The Studio is a permanent place where children of all ages work and collaborate. As a result, the Studio is an excellent catalyst for the passing on of knowledge. It is where children become co-authors, investigations develop and relationships form. Today we delve into how you can bring a little of our studio home with you.

“You do not learn to draw by drawing only. You need to learn techniques, but you learn how to draw as well by doing other things. And conversely, you learn math also by planning and building.

Art wears everyday clothes, not Sunday’s best.”

– Loris Maluguzzi

Flour Glue Recipe

Time needed: 10 minutes

What you can glue with flour paste
Use it for paper activities that involve gluing paper to paper, construction paper to paper, card stock to paper, paper to cardboard or tissue paper to construction paper.

1 bowl
1 spoon
1 clean container
1 measuring cup

½ Cup Plain flour
2/3 cup tap water
Oil of peppermint or oil of wintergreen

  1. Prepare your workspace.

    Children to wear aprons. Clear off a space on the tabletop or a counter. Always line the table with old newspaper – it makes cleaning up so much easier!

  2. Prepare ingredients and pour the measured flour into the bowl.

    The children can take out the plastic measuring cups and measuring spoons. Use a butter knife or the handle-end of a spoon to level off the flour after measuring it into the ½ cup measuring cup. Having the exact amount of ingredients helps make our glue recipe a success.

  3. Pour the water, slowly mixing, until all of the water is added.

    You will have to use your muscles to keep stirring until the paste has a creamy consistency.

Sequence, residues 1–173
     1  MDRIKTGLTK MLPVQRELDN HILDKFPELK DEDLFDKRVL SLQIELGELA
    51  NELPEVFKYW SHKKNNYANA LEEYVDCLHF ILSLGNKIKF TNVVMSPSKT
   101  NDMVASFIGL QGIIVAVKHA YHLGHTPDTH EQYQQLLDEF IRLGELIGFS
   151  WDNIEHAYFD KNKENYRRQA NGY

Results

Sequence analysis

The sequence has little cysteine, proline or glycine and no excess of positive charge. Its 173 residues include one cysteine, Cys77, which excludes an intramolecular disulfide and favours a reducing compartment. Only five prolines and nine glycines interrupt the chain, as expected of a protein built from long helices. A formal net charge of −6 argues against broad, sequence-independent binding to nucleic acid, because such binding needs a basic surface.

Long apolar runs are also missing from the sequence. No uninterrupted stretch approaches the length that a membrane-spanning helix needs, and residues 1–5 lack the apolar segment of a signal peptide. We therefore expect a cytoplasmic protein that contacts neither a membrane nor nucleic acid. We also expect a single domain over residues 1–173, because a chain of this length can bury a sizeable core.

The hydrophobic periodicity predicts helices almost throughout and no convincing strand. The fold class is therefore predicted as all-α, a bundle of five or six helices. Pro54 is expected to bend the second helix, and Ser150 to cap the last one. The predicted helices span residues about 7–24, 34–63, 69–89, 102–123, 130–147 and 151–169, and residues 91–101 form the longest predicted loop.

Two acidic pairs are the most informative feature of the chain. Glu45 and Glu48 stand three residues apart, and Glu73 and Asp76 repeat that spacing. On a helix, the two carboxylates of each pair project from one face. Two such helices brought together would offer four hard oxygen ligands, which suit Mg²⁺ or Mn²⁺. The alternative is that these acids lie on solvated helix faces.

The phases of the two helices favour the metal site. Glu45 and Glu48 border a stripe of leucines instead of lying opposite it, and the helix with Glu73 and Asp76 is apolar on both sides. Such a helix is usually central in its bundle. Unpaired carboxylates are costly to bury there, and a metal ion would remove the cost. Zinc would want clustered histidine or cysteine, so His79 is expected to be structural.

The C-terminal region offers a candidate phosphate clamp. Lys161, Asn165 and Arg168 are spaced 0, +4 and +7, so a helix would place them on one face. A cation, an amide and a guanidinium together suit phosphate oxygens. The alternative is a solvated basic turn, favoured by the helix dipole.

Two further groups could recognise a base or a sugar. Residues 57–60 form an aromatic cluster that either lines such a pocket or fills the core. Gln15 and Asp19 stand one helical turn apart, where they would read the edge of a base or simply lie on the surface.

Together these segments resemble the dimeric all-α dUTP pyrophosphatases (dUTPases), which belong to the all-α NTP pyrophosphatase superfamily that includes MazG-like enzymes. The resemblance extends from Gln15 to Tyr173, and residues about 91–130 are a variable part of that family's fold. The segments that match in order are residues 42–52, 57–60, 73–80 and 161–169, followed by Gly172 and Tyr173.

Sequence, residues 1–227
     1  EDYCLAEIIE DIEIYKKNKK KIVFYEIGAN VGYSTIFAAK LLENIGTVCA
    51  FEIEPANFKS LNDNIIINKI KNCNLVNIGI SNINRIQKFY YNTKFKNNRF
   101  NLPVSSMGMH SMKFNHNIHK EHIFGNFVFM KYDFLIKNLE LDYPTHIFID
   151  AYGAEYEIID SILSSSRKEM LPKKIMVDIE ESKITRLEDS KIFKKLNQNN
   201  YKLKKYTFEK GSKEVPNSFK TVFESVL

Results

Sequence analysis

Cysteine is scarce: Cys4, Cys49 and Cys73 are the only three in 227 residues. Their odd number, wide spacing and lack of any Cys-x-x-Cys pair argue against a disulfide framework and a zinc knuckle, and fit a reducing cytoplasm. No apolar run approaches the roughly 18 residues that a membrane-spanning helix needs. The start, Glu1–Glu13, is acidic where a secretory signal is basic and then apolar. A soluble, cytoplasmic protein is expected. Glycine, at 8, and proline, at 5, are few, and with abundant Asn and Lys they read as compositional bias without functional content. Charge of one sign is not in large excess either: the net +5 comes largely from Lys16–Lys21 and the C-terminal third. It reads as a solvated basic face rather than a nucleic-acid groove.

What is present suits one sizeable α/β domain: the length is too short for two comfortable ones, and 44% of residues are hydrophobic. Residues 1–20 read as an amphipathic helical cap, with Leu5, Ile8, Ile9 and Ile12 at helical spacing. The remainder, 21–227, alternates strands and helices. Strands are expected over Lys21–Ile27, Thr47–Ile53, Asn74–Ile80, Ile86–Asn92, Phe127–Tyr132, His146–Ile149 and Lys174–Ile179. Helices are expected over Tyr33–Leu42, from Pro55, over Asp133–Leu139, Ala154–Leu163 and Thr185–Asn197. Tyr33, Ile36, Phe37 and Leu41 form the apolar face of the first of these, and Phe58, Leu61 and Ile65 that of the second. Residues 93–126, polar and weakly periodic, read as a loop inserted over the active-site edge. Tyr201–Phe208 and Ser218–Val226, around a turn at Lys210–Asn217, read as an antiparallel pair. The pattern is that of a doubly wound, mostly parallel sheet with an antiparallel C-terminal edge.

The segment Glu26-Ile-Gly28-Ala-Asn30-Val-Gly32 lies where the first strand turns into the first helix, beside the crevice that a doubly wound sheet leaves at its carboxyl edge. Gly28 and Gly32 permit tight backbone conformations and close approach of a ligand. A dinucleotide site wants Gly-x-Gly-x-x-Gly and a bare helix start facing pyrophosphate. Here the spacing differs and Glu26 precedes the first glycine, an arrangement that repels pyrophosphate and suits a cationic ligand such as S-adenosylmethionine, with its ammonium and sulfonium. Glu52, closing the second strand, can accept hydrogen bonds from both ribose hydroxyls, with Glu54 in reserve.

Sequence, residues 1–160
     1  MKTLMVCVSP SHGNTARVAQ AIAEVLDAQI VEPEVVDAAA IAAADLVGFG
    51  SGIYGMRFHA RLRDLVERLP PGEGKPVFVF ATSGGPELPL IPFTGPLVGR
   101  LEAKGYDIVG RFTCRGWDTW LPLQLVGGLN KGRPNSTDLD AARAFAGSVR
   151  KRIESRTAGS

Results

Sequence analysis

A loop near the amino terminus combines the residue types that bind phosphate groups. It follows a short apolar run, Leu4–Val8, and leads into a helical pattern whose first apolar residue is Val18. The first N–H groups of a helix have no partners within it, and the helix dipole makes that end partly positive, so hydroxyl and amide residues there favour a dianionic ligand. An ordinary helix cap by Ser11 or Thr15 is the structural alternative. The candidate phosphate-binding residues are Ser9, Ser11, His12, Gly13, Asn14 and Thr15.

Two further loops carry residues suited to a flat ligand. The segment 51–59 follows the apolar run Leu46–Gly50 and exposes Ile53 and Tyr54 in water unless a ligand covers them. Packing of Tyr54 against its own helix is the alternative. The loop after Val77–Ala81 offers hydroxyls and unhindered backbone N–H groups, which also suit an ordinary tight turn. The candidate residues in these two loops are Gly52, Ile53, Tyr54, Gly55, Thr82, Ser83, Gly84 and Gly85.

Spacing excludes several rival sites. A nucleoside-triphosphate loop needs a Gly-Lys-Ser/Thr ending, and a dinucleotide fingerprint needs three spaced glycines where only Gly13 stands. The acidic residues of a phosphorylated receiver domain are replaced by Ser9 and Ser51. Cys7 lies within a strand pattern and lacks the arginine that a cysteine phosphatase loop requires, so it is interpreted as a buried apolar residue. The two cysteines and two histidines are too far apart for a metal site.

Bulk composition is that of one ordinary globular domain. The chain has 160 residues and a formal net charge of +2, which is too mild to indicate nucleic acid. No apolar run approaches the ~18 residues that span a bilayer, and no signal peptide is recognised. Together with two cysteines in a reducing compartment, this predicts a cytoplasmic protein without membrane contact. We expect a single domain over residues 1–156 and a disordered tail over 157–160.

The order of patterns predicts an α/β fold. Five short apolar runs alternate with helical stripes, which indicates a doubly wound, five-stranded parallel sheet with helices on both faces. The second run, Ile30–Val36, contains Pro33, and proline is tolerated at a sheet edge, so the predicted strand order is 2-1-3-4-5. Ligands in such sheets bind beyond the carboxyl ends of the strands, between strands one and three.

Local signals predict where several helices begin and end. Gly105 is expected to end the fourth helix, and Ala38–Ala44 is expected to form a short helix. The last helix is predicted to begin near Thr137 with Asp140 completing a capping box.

4. Add a couple of drops of peppermint oil (Optional)

    Stir again until the oil is well mixed into the paste. The peppermint oil will help to keep the mould away long enough for you to use the glue again and again.

Natural Dyes

A great learning experience to explore with your child is finding colour in nature. One of the ways we do this in the Studio is through creating natural dyes for our paints. Natural dyes create a rich experience, allowing children to explore form, texture, transformation and colour.

Best of all you create a 100% child-friendly edible paint!

Here are a few of the easiest and simplest natural dye recipes you might like to create with your child:

Tumeric Dye


  • Tablespoon


  • Turmeric
  • Water or Child-friendly Glue Mix

Simply add 2-3 scoops of powdered turmeric to a cup of water or any child-friendly glue and mix!

Please note that while the turmeric will create a beautiful and vibrant yellow dye this colour may stain clothes/carpets. So best to explore this recipe outdoors!

Red Cabbage Dye


  • Slow Cooker
  • Jar


  • Red Cabbage
  1. With your child investigate and pull apart the layers of a large red cabbage. Allow your child to do as much of this as possible!
  2. Add the leaves to your slow cooker. Then pour a cup of two of water (so it is just covering) and put on low to cook.
  3. When the cabbage starts to smell (usually an hour or two) turn off the slow cooker.
  4. Leave it to cool down.
  5. Once the dye is lukewarm/cold strain the dye into a jar or container.

Berry Dye


  • Frozen Berries
  • Warm water


  • Paper or Fabric
  • Container
  1. Pour a bag of frozen berries into a small/medium container.
  2. Give your child a small jug or glass of warm water to pour over the berries.
  3. Together observe as the colour seeps of the berries as they unfreeze. Your child may enjoy squishing the berries to see the burst of colour come out.
  4. You may also like to take the soaked berries out and squish them onto your paper/fabric

TIP: These dyes work best painted/applied to an absorbent surface. Old sheets or light coloured scrap materials work best or thick paper and cards.